Share Good Times (and Campsites) on the SHT

By Anna Swarts

With the ever-increasing popularity of overnight trips on the SHT, campsites are at a premium.  One will notice that, at the trail heads, a sign denotes that “Campsite must be shared if required.” Users used to camping in permit-protected places may find this odd. It is true; if you’re looking to get away from all people, getting a permit and heading off deep into the BWCAW might be your best bet if you plan to stay in the state.  However, many of us find jumping on the SHT for a quick trip to be a convenient way to get out and see some of the North Shore beauty.  This convenience results in more people (like me and you).

Anna Swarts, basking in the sun near the end of her solo SHT thru-hike.

As a backpacker who frequently travels alone, I’d love to share some of the wonderful encounters I’ve had with other hikers through the ‘shared campsite’ experience.  A few of my favorite interactions came when I was thru-hiking the Trail solo a few years ago.  At the end of each day, sometimes having hiked more than twenty miles, I’d feel a little bit of anxiety about whether or not there would be room for me at the next site, or whether I’d even feel comfortable sharing with whomever was there.  I found that, every single time when the site was taken, the folks were more than happy to share it with me and I with them.

I’ll highlight the ones that I have found most memorable (and if you’re the one I describe, thank you for the positive impact you’ve had on my life!):

  • A father and his five-year-old daughter.  He was exhausted (I think it was the real bacon and oranges in his pack), but his daughter was having the time of her life.  She was thrilled to tell me that her mom would usually have been with them, but that mom stayed home this time because she was about to have a baby!  The exuberance, the wild curls, and the tenacity of this pint-sized person who had just hiked as many miles as she was old would uplift anyone.
  • An older gentleman, who, when I came into camp offered me some tea. As we sipped it, he shared with me that the tea at the end of a day of hiking was his favorite part of the whole thing.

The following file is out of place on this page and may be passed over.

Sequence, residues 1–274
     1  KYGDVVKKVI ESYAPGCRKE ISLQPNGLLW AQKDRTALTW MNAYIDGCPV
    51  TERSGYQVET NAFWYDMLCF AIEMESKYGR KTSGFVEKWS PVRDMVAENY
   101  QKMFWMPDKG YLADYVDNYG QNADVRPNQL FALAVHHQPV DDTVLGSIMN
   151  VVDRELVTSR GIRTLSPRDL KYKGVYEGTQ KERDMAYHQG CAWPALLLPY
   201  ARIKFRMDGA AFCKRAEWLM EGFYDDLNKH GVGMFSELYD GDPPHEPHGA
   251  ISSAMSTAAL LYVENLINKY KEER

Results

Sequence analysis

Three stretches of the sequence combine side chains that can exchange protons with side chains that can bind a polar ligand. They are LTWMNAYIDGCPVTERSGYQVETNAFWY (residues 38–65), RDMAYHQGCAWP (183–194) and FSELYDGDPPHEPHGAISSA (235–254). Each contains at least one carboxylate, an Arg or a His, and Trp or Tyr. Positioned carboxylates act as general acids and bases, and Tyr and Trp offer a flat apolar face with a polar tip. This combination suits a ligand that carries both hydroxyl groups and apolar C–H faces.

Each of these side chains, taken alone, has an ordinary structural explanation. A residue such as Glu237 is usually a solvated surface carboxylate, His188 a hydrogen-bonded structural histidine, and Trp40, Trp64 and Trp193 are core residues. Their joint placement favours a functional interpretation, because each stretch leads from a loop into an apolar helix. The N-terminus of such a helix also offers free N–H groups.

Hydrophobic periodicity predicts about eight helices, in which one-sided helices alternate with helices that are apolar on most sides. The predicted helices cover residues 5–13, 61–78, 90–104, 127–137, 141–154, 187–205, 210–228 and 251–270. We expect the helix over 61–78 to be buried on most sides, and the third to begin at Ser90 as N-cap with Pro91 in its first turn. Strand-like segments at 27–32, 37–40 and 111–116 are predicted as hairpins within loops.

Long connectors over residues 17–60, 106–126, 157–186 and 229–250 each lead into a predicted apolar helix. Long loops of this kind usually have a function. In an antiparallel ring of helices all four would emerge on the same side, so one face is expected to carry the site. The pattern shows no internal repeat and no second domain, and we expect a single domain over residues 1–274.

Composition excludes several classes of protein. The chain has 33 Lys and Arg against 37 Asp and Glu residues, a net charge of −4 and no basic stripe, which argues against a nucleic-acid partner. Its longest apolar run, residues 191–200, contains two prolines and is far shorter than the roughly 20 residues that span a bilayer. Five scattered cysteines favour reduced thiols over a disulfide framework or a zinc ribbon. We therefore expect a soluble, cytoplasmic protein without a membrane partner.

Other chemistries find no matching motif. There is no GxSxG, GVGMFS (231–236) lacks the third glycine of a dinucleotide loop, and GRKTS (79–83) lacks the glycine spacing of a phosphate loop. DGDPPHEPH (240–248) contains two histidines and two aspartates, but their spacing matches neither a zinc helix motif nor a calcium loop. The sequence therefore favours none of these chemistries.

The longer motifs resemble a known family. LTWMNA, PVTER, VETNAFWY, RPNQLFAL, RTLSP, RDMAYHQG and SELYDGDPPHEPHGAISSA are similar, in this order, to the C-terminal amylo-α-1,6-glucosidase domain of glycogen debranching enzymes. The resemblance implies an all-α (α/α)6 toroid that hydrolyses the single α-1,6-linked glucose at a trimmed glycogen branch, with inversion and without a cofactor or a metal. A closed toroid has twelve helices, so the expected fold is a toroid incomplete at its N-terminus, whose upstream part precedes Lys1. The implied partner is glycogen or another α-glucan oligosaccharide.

• Two teachers, both of which had never been backpacking before but who were up on a final hurrah before the school year started.  These wonderful women shared their snacks and were so much fun. The next morning was the first one (on my thru-hike) that I woke up and didn’t feel like a truck had hit me. I account it to the healing power of laughter!
  • A mother and her teenage son. We shared a meal and a great conversation about dreams and acting on them, and about the power of including nature in education. Not only was this a sweet duo, but it was exciting to consider the possibilities that exist in our lives.
  • Three people who had hiked the Appalachian Trail. I met them at the Woods Creek campsite, and they were happy for me to join. Slowly, pair upon pair of folks came in to the site, haggard from a day of hiking, and looking anxious that there was no more space. The AT folks set the standard: “Nah, of course there is space. We can always make room for tired hikers.” We ended up a haphazard crew by the time night fell, and somehow there was plenty of room for each additional tent.

I have shared sites with families, college students, boy scout dads, dentists, teachers, rock climbers, and so many others that I could include in this list.  Of course, there are some people I have enjoyed more than others, but my experiences have been neutral at worst, and many have resulted in stories to tell later, usually along the lines of, ‘You’ll never guess who I camped with…!” The best resulted in friendships or led to meaningful exchanges with someone I might never have met during my ‘normal’ life.

As the Trail is a shared resource, with no permits required, we all have an equal claim to enjoy the Trail as well as the duty to be good stewards of it so that others may enjoy as well.  Share campsites when necessary, embrace the goodness in your neighbor, and move along so that the next folks can have access. The love of the Trail is common ground; hospitality is a universal concept.  From my experience, you have more in common with your fellow hikers than you might think, and you’ll be a richer person having met them.

Anna Swarts is a SHTA volunteer extraordinaire, elite latrine digger, guest blogger, runner, and all-around awesome person.

SHTA and our wonderful volunteers maintain 94 backcountry shared campsites that are available to use without permits (Note: there are no SHTA campsites available in the city of Duluth). Read more about what to expect when you’re backpacking or camping on the SHT here.